Scientists have yet to identify a precise mechanism for the disappearance of the amphibians, which began decades ago, but a prime suspect is a fatal fungus that has invaded their habitats, Herrero said.

"It is believed climate change is raising temperatures allowing a skin fungus to enter the places where the amphibians resided," he said.

Several studies in recent years have linked the rapid disappearance of many of the world's frog and toad species to global warming.

About a third of the 5 743 known species of frogs, toads and other amphibians are classified as threatened, according to the Global Amphibian Assessment survey.

Human activities are wiping out three animal or plant species every hour, the United Nations said on Tuesday, the International Day for Biological Diversity.

A strong consensus of scientists believe that global warming is the result of the release of greenhouse gases like carbon dioxide into the atmosphere.

Scientists say the amphibian die-off is a harbinger of things to come in the biologically rich tropical forests of Costa Rica.

"It's going to be a fact that we see a large extinction," said Rodrigo Gamez, president of the biodiversity institute.

In La Selva, a biological station in northern Costa Rica run by Duke University's Organisation of Tropical Studies, scientists have found a 75 percent decline in amphibian population over the last 35 years.

The precise reason for the La Selva decline is not known, but scientists suspect that higher temperatures are inhibiting plant growth and thus diminishing the volume of decomposing leaves in which the amphibians thrive.

Populations of reptiles and insects also seem to be on the decline around the biological station, he said.

Another disturbing trend in the country is the decline of Costa Rica's monkeys. Monkey populations have fallen by 30 percent in recent years, according to Alfo Piva, executive director of the biodiversity institute.

He said a lot was unknown about the changes in Costa Rica's jungles. "Much study is still lacking," he said.

Costa Rica occupies about 0,03 percent of the Earth's land mass, but contains about four percent of its animal and plant species.

Monday, May 21, 2007

CAFTA referendum: Costa Ricans to vote on September 23

(Tax-News.com) - Costa Rican voters will go to the polls in September this year to decide whether they want the country to ratify the Central American and Dominican Republic Free Trade Agreement (CAFTA-DR), although a review of the agreement by the constitutional court may yet throw the referendum into doubt.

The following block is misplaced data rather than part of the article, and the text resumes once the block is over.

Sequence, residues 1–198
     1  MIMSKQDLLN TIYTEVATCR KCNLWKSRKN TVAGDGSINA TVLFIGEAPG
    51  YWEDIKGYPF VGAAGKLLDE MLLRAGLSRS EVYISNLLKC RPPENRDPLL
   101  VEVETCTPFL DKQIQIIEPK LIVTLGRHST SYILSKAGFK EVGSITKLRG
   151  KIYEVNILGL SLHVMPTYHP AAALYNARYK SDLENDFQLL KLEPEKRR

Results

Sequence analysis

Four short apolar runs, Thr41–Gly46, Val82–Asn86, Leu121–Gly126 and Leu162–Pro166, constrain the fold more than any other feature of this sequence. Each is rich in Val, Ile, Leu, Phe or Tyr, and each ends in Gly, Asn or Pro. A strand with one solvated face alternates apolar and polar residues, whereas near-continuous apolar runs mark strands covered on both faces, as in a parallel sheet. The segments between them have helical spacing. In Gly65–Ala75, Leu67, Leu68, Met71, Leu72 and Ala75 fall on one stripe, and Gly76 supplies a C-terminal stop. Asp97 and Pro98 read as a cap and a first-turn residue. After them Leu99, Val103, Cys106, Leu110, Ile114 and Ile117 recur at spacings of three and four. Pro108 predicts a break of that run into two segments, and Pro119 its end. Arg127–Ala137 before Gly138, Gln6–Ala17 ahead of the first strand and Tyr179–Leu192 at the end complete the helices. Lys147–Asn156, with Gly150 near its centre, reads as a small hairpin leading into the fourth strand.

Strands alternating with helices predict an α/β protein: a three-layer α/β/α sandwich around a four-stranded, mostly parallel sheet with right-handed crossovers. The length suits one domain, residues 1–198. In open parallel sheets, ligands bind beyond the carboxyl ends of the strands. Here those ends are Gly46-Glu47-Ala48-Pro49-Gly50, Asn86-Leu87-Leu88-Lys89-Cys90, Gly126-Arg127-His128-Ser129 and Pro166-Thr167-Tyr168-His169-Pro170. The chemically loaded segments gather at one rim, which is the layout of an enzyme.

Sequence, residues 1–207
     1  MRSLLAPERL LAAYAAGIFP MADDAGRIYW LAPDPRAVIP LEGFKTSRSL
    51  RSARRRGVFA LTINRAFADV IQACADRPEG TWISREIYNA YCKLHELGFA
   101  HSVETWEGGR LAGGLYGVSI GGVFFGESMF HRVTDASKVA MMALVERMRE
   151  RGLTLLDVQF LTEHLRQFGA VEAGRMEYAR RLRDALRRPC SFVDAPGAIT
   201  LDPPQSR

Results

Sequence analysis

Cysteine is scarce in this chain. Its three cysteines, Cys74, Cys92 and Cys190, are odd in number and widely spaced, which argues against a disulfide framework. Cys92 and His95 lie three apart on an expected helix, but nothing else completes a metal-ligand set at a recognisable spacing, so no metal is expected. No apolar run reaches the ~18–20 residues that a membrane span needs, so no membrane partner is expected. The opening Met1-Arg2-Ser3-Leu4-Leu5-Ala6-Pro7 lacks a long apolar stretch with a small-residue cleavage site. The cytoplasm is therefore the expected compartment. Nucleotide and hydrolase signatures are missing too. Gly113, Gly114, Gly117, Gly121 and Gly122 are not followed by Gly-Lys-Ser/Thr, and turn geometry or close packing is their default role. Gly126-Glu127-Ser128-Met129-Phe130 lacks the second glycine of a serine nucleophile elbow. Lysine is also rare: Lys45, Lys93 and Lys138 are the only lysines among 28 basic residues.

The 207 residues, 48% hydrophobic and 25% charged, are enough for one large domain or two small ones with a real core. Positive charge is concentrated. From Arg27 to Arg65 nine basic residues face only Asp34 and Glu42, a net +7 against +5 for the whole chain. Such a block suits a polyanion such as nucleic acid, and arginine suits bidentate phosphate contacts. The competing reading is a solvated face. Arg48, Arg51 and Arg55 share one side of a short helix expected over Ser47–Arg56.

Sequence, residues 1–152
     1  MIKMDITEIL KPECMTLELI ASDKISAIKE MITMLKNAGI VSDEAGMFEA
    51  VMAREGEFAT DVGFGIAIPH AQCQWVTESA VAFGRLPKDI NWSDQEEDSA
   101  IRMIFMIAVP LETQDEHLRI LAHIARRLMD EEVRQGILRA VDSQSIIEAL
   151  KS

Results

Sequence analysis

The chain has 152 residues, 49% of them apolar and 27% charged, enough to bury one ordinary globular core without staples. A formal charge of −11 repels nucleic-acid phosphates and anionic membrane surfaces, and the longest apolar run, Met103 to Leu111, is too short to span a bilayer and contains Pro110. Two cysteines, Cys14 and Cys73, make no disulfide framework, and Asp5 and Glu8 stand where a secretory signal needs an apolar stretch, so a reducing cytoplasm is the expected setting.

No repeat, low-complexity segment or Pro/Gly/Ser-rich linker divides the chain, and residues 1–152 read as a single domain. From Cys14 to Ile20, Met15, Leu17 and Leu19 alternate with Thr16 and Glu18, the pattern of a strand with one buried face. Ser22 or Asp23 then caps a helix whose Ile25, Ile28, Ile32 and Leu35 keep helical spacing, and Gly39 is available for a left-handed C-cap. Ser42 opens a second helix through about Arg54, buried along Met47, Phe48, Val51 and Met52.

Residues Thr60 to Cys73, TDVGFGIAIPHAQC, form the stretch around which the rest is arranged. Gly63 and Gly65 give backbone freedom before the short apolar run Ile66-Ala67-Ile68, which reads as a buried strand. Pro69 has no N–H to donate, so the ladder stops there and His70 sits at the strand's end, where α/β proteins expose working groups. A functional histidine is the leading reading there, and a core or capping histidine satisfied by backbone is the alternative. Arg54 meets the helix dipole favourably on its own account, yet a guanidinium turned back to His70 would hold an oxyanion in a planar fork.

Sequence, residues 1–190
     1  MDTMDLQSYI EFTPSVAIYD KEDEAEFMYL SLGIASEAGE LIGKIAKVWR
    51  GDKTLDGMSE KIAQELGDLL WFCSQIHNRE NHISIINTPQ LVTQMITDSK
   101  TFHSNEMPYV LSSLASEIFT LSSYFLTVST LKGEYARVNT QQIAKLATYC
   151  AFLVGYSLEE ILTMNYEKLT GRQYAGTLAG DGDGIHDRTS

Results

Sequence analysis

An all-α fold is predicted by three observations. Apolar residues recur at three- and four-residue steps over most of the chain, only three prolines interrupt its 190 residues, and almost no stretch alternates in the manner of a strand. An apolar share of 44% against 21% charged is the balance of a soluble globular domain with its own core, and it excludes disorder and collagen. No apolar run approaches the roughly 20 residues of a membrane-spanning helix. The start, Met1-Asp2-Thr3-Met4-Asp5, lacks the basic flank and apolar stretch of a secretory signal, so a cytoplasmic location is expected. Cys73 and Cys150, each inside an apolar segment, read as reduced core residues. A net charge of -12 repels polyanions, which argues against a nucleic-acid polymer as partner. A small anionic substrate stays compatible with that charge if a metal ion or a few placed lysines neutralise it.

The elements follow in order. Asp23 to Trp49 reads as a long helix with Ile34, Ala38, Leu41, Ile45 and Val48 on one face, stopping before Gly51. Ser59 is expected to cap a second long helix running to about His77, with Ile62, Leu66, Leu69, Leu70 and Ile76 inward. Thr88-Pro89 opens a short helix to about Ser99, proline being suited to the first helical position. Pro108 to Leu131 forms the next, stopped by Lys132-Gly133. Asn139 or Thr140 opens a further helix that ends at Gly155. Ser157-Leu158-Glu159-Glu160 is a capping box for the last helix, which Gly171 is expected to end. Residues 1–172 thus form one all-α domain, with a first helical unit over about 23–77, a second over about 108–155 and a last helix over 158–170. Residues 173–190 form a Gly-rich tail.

With the government and the national assembly seemingly at loggerheads over whether to accept the trade deal, the Supreme Electoral Tribunal (TSE) has announced that the people will decide on the issue in the country's first ever referendum, set for September 23.

However, following weeks of speculation, Costa Rica's Constitutional Chamber of the Supreme Court has announced that it will review the text of the 2,000 page agreement to ascertain whether it violates the country's constitution.

This review, which was announced on May 11, is expected to be completed after a month. If the court rules that CAFTA-DR is unconstitutional, it is unclear whether the referendum will go ahead in September as planned. Although the court's ruling would be non-binding, local reports suggest that this would clearly have some kind of bearing on whether the vote can still take place.

While all the other signatories of CAFTA-DR, including the United States, the Dominican Republic, El Salvador, Guatemala, Honduras, and Nicaragua, have signed and ratified the agreement, Costa Rica remains the only country to waver on its commitment following fierce protests from labour unions who fear more competition would lead to job losses and drive wages downwards.

Other opponents fear that the agreement could lead to a loss of sovereignty as Costa Rica would be required to defer to a multinational arbitration panel in the event of a trade dispute. On the other side of the debate, the business community has been demanding that the government send the agreement to the assembly, saying that the seemingly never-ending delay could cost Costa Rica lost business opportunities and foreign investment.

CAFTA would immediately eliminate duties on more than half the value of US farm exports to the region, expand IP protections and open telecommunications and other markets. It would also eliminate tariffs on 80% of US exports of consumer and industrial goods in signatory countries, with remaining tariffs phased out over 10 years.

Sunday, May 20, 2007

Costa Rica accuses Castro of meddling in its internal affairs

SAN JOSE, Costa Rica (AFP): Costa Rica accused Cuba Thursday of meddling in its internal affairs after Cuban leader Fidel Castro criticized free trade agreements between Latin American nations and the United States.

The Central American nation charged that Cuba was attempting to "mar" a referendum on its free trade deal with the United States scheduled for September 23.